The Shouting in the Dark
'The story, as disturbing as it is enthralling, of a girl's struggle to emerge from under the dead weight of her father's oppression, while at the same time searching for a secure footing in the moral chaos of South Africa of the apartheid era.' – J.M. Coetzee
Late at night the young girl Ella creeps to her bedroom window and watches her elderly father out on the verandah shout angry words at the South African night sky. What is it about his random talk? she wants to understand. He wouldn’t sit and call out to no one, would he, for nothing? Her mother is asleep, hiding from his noises as she always does. It’s just the two of them, father and daughter, out watching—or is it? Is there some secret behind his stories? Why does he shout so very loud?
South Africa, 1970. Ella is growing up in a luxuriant paradise. Her father, a Dutch former marine employed by the British, has had enough of the harbor city Durban; he wants to get away from the sea. Without seeing the new house, the family moves inland.
Father and daughter used to watch the merchant ships, tankers, and colorful flags from Ceylon, Singapore, and Japan. Ella knows her father fought over there, but he refuses to talk about this period. What happened that makes him want to turn his back on the water?
Eavesdropping when he reminisces with old friends or when he sits on the porch raging into the distance is the only thing Ella can do to find out. She wonders where all the hatred of and aversion towards everything concerning the Netherlands is coming from. Whatever haunts him, it affects the whole family. Ella finds it hard to keep up at school – she seems an outsider, though she has a mission in the turbulent South Africa during the apartheid. Her beliefs however are, in the first place, widening the gap between her and her father.
The Shouting in the Dark tells the story of a daughter and her father, who both have to assert themselves in turbulent times, and in facing each other. Despite her peaceful ideals Ella is forced to put up a fight - against the prejudices of her classmates and the people around her, and against her own father, for whom her love and lack of understanding compete in a classical conflict.
Praise for Elleke Boehmer:
‘The Shouting in the Dark is a wonderful book! Unforgettable insights into a colonial society and a family founded on violence. This really remarkable story of girlhood survival kept me up very late at night. I couldn’t stop reading it. The utter authenticity of the narrative voice gives this work its brilliant aliveness, and places it in fascinating conversation with J.M. Coetzee’s powerful third person memoir Boyhood.’ – Professor Sarah Nuttall, University of Stellenbosch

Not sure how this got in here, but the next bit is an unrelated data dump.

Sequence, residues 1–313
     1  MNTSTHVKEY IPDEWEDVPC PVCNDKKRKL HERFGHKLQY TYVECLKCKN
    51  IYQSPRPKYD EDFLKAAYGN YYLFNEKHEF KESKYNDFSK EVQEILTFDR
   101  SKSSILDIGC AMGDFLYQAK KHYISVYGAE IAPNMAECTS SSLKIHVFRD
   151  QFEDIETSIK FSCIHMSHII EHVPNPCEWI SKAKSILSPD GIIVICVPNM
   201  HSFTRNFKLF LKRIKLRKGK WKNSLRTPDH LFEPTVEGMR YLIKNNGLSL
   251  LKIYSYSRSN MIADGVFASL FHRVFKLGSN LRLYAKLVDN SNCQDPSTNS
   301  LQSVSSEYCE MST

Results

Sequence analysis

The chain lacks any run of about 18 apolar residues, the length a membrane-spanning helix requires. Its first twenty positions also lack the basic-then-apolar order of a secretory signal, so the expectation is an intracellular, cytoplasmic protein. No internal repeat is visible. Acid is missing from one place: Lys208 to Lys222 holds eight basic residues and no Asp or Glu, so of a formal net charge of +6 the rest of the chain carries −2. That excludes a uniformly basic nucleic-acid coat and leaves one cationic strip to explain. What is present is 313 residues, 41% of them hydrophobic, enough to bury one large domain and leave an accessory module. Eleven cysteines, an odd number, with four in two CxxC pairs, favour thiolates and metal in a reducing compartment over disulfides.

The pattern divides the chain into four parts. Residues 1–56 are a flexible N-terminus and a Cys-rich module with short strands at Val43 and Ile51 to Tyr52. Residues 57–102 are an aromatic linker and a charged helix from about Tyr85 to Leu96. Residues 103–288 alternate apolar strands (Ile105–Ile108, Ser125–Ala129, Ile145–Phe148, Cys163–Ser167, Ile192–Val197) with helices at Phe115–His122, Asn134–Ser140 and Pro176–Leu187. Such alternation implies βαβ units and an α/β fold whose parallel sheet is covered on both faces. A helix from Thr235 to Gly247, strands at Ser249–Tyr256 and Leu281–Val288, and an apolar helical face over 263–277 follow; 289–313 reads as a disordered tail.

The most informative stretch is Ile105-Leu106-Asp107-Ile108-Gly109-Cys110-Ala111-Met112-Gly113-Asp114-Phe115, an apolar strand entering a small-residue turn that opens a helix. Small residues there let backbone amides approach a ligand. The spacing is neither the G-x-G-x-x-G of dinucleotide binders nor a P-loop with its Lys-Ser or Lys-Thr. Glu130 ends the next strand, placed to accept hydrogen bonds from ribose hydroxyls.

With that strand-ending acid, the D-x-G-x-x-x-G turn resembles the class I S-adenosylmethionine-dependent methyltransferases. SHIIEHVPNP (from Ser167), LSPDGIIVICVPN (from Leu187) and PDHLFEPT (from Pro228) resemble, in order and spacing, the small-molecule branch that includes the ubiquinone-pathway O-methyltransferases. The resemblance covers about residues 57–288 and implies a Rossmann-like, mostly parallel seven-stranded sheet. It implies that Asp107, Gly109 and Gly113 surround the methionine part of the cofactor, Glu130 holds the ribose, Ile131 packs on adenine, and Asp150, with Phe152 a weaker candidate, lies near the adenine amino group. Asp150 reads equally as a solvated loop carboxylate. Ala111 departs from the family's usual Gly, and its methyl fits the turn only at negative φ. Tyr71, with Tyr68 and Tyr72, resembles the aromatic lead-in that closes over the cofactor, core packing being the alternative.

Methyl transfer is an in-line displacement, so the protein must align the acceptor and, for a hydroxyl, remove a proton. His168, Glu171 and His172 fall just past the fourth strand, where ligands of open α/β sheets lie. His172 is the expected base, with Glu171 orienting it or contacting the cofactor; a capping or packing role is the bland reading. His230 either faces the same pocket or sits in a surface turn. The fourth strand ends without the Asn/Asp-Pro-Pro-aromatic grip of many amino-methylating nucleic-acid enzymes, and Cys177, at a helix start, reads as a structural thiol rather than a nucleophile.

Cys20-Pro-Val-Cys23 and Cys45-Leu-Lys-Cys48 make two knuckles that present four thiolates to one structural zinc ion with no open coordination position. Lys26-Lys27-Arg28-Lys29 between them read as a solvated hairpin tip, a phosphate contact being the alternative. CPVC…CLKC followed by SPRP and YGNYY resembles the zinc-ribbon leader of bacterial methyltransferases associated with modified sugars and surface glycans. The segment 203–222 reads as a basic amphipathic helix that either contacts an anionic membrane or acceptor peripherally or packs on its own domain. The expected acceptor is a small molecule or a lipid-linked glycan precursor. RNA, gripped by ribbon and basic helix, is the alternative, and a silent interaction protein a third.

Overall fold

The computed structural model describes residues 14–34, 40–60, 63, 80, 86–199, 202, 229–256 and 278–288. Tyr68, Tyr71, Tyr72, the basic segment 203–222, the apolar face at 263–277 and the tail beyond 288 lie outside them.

‘Bloodlines is an engrossing and intriguingly told chapter in anti-imperial history’ – J.M. Coetzee
‘A beautiful evocation of childhood. Like colours slowly blooming downstream.’ – Nadeem Aslam
‘An outstanding study of a deeply troubled family against the backdrop of political change, and one girl’s resilience in the face of ugly, sharp-edged obstacles.’ – The Scotland on Sunday
‘Recent books and plays have dealt with the suppression of young women’s voices: Boehmer’s own recent novel The Shouting in the Dark narrates the inner life of a young woman in South Africa in the 1970s – and shows how abuse breaks such a voice. Elleke Boehmer writes unforgettable prose about an extraordinary time and place… The delicate intersection between the personal and the political has seldom been so skilfully explored; readable, tangible and haunting.’ – Naomi Wolf, The Guardian
‘This moving story is not to be missed either as a glimpse into the political chaos of Apartheid South Africa or as a beautifully rendered portrait of a childhood deprived of love or comfort. Astounding.’ – Book Trust
‘The Shouting in the Dark is a powerful novel of memory, family politics and awakening.’ – Ben Okri